But was anybody in the White House listening?

Update on Thursday, September 14, 2006 at 09:11AM by Registered Commenterdavid.d.perlmutter


See “Copyblogger” on “Why Plato Would Have Blown it as a Blogger.”

He writes:

Plato understood the power of conversation, but his methods made people doubt his authenticity.

In my opinion, you’ve got to provide strong, persuasive content like Aristotle to be an effective business blogger. But you’ve also got to have a healthy dose of Socrates in you, because the conversation is where the true power of blogging is.

He is correct. No man or woman should blog alone. Linking, feedback, response, revision, extension are traits of the best bloggers. “Monologing,” as was expressed in the movie “The Incredibles” as a description of the self-destructive solo-rants of super villains, is for the egomaniac.

Originally posted November 4, 2005 at PolicyByBlog

One Comment

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    Original Reader Comments (18)

    People love to give advice – whether it’s deciding what route will be the fastest home or deciding which Supreme Court nominee will be best fit for the job.

    Blogs allow people of all backgrounds, ages, and experiences to give advice on almost every level. Clearly, blogs are not the only medium of offering advice so the idea of “blogging” certainly didn’t begin in 1997. The Isocrates example clearly shows that advice-giving is not a modern concept.

    One of the appeals of blogs is that we are given an opportunity to voice our advice and hope that it’s not falling on deaf ears. We click submit, read through our post a few times, and anxiously await an email notifying us of a comment. Most bloggers realize that the majority of the people reading our blogs are co-workers, family members and a few Google-stragglers, perhaps.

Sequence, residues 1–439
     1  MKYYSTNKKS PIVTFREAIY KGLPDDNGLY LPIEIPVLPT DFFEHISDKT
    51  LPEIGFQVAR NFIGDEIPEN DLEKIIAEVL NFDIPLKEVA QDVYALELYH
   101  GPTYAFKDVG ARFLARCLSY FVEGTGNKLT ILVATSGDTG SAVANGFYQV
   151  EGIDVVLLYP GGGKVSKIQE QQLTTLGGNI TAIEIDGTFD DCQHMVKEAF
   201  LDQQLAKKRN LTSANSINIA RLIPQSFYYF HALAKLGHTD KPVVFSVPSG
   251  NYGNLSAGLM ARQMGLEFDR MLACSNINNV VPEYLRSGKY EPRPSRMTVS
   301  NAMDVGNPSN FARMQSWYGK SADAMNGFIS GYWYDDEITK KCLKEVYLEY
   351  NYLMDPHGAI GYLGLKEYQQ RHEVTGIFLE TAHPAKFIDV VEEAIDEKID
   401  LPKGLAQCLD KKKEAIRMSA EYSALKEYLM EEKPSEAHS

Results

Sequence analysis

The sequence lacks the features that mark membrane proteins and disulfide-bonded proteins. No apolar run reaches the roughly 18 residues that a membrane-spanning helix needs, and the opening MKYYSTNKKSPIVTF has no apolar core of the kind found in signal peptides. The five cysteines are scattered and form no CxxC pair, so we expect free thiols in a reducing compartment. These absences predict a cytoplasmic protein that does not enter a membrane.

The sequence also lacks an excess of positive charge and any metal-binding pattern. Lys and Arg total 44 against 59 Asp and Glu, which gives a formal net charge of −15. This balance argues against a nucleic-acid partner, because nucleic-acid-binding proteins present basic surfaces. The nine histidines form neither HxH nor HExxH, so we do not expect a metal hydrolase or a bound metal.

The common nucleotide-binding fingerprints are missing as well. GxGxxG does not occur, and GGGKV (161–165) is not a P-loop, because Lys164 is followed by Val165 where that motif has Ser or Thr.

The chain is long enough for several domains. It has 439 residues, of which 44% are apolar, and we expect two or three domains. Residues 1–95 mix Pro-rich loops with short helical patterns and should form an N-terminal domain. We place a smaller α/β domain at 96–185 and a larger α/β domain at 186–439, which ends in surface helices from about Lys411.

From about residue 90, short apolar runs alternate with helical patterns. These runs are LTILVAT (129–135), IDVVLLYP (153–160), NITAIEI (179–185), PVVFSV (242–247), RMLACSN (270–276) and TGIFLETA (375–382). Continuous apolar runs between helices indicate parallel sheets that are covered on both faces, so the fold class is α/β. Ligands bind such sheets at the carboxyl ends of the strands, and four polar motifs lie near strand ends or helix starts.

But maybe at some point a senior White house advisor might stumble upon the blog, and when that moment happens, hopefully our advice about the credentials of a Supreme Court nominee will be taken seriously, and until then, blog on.
    January 17, 2006 | Unregistered Commentersmarin3

    The examples of Isocrates were interesting stories of early political communication. Isocrates’ stories in the post provide an example of how individuals in early history had interest in passively participating in politics. He wanted to have influence on public affairs, but he did not want to actually cross the line and become entirely involved. I think this is a characteristic of blogs that people interested in politics enjoy. It gives people like Jay Cost the ability to influence political affairs.

    You stated, “But was anybody in the White House listening?” I think if someone makes a credible and legit statement and provides a well-thought out argument, then enough online readers and political activist will voice their opinions about the initial argument or statement that someone will take notice. I believe blog opinions have the capability to be very contagious, and the opinions can become very strong.
    January 17, 2006 | Unregistered CommenterNOLA7

    Do blogs spur political participation?
    In order to be a capable and effective participant in politics, one has to be first and foremost informed on the issues of the day. Blogs could potentially serve as informative tools for the public, created by the public.
    A popular movement could encourage bloggers to share and access factual information, (i.e. hyperlinking to public documents,) and not merely use them as opinion forums. This, of course, would require substantial research, mental effort and time. That’s what becoming informed requires though; it’s also what effective political participation requires.
    While many bloggers do spout their own suggestions, opinions, or musings on various topics, it should be easy to discern which statements are factual, which are inferring a point, and when the author is stating a judgment. Bloggers need to produce effective and factual rhetoric, and readers need to be able to recognize it.
    If, idealistically, this could happen, then blogs could spur political participation at an unparalleled level.
    January 18, 2006 | Unregistered Commenterlittle34